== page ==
It was ages before another one would go. They all just sat there looking out. It was nice in a way to think that they were happy there and didn't feel the need to escape. After a while I decided to put some food down for them to tempt them down to the ground. Two came down quite quickly and had a fight before flying off. Eventually there were five of them all flying round the garden together. It was a lovely sight to see them and also nice to think that they were waiting for each other. We had a very tense moment when the local Sparrowhawk appeared. Now I know what they mean when they say 'my heart was in my mouth' I could barely breath! He was very close to them so he must have seen them but he didn't make a strike at them. I think I would have had heart failure on the spot if he had.
|Flying together, such a lovely sight!|
This left four still in the Dovecote. I knew there were three females on eggs so thought they probably wouldn't go anywhere in a hurry but one of the males was sticking with his mate. Eventually he flew onto the ground and went for a walk about. It was like he was trying to play it cool saying "I'm really not making a big deal out of this, I'm just having a stroll" before he finally flew upwards. The surprise was that the rest of the flock appeared from nowhere and he joined them. It was like they had been waiting for him. Well actually they must have been. They did a big lap of the garden and flew off, leaving the girls sitting on their eggs.
So now I am playing the waiting game hoping they will all come home after a good fly. I have put the Haven on alert incase they turn up there because that was the last place they were at. If they go back home to Happisburgh where they came from originally I will never see them again. I did see two of them fly over the garden about half an hour after they went but I was indoors so couldn't see if the others were about. I just hope they are all together. Mind you the girls are all sitting there waiting too!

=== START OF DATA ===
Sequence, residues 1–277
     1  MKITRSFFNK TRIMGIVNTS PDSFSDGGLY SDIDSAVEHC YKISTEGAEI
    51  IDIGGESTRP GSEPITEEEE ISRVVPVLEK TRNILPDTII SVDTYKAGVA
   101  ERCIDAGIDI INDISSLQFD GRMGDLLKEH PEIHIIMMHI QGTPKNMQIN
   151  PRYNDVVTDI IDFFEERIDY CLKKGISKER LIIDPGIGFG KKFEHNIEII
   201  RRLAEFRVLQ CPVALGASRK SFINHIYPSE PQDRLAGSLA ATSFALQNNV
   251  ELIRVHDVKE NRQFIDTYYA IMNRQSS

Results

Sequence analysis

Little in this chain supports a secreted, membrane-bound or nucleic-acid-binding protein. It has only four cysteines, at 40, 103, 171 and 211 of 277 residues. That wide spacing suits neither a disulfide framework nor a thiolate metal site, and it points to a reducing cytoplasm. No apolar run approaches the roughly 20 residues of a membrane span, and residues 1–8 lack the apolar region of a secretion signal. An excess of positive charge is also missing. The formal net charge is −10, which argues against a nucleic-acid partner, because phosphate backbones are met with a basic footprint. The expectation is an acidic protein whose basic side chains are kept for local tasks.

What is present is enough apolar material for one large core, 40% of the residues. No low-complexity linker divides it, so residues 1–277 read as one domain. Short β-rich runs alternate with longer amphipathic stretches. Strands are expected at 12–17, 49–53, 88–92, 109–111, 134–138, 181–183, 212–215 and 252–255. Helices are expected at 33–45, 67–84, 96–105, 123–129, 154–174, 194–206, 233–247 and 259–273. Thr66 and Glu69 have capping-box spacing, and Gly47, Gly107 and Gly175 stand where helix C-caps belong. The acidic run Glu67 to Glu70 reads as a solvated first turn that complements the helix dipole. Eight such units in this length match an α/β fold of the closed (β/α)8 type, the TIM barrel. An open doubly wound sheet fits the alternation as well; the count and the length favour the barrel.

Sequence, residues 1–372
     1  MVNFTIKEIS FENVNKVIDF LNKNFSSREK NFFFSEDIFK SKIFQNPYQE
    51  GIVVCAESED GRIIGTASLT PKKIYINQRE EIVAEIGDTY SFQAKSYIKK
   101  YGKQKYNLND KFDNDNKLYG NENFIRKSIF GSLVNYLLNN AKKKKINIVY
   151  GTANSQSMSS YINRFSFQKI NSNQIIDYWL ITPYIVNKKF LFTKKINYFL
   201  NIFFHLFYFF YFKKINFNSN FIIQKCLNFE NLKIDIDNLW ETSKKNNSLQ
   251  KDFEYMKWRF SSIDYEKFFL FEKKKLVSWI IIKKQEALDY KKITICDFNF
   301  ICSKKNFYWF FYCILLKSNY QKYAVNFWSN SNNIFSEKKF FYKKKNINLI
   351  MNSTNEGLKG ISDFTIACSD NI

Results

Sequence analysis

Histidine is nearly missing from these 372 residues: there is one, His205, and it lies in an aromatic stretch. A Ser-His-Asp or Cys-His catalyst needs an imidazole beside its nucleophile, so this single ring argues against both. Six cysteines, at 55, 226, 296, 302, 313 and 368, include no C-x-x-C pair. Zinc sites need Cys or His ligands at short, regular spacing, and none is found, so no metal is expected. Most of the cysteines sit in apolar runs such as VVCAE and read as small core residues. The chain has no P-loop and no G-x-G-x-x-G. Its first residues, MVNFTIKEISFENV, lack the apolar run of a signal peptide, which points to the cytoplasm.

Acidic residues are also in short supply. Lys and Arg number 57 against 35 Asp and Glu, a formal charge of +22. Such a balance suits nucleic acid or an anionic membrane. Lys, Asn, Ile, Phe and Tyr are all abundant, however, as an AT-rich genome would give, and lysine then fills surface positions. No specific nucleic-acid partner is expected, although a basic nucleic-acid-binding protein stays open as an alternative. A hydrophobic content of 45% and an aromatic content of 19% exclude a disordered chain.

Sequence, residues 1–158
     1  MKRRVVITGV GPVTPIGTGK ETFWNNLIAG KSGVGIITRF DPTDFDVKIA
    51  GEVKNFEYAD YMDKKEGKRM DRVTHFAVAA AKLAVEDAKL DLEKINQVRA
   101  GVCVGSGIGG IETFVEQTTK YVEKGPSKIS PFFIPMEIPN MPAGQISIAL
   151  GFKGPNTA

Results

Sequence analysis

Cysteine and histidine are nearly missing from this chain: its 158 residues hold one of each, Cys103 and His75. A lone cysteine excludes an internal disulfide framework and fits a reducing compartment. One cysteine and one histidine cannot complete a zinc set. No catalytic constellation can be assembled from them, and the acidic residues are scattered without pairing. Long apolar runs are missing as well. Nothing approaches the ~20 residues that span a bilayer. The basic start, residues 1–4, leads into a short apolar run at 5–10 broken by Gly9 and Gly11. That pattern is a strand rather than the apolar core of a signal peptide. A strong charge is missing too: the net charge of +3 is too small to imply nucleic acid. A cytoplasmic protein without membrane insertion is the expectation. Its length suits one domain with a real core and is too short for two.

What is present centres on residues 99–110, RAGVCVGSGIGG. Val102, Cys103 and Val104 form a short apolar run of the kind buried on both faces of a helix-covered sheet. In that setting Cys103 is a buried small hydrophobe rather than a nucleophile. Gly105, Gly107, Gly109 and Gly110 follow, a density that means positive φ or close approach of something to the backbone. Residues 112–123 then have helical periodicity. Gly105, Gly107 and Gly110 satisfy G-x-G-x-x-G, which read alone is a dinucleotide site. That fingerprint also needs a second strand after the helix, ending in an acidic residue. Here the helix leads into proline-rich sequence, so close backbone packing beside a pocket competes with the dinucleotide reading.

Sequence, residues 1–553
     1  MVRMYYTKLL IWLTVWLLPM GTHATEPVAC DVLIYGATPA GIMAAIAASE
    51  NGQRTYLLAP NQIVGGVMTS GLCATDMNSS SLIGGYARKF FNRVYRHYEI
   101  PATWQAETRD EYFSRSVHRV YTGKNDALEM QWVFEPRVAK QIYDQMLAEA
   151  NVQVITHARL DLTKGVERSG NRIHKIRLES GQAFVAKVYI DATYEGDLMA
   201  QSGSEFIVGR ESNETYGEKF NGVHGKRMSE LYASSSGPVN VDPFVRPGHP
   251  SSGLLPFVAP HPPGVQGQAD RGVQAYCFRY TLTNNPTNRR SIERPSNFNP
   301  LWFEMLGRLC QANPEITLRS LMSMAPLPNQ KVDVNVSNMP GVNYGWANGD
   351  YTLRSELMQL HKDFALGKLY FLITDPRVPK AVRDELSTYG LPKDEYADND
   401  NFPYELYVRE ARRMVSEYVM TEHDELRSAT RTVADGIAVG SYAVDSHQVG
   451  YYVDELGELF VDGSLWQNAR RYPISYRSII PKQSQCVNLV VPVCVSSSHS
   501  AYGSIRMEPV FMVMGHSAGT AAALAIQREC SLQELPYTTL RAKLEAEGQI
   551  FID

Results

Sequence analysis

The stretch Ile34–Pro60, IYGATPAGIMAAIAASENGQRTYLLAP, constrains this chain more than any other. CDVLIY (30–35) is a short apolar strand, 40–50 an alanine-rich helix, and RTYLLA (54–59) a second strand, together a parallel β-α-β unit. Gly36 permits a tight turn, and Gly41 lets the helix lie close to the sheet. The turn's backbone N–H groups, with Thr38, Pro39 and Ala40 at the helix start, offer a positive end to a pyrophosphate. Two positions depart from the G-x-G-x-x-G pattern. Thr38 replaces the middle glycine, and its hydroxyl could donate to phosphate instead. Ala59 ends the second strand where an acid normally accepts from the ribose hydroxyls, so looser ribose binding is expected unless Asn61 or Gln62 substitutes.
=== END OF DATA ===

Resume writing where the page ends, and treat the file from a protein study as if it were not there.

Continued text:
Update on Pinky and Perky
The news is that the little babies from yesterday are doing OK keeping warm in their brooder at the Haven. They must have been very cold because it took them ages to digest the seed in their crops but had some supper before bed and "took it like pro's" I am told. I'm just so glad I had somewhere to take them. I know this sort of thing will happen again if I am going to let my birds breed occasionally so I am now on the lookout for a cheap secondhand brooder. It may be an impossible thing to find, I don't know yet. All they have on EBay are new ones at £250 so not really within budget!
|Happiness is a warm bed and a full tummy!|
Thursday, 24 February 2011
The more I had been watching the Doves the more I became convinced it was Mrs Bullyboy who had died. She never left her babies for more than a minute and even then only to feed and she would be right back on the nest. Whenever I looked out this morning there was no parent bird on the nest. All I could see was a wiggly pink back. I was becoming more and more concerned about them so I rang The Haven and spoke to the experts. I was told if in doubt bring them in.
I marched down the garden with a mixing bowl full of the dog's towels in one hand and a kitchen chair in the other. After a wobbly experience standing on a chair down there yesterday I wasn't especially looking forward to climbing on one again. The added difficulty was getting it under the net and into the Doves enclosure. The net is nailed to great lumps of wood and I had to get one high enough with one hand to shove the chair under it with the other. It wasn't elegant but at least for once no one was watching. Luckily I managed to climb up without incident and found two darling little pink babies with their eyes still closed. They were completely exposed and must have been getting cold so I took them down and put them in the mixing bowl to keep warm.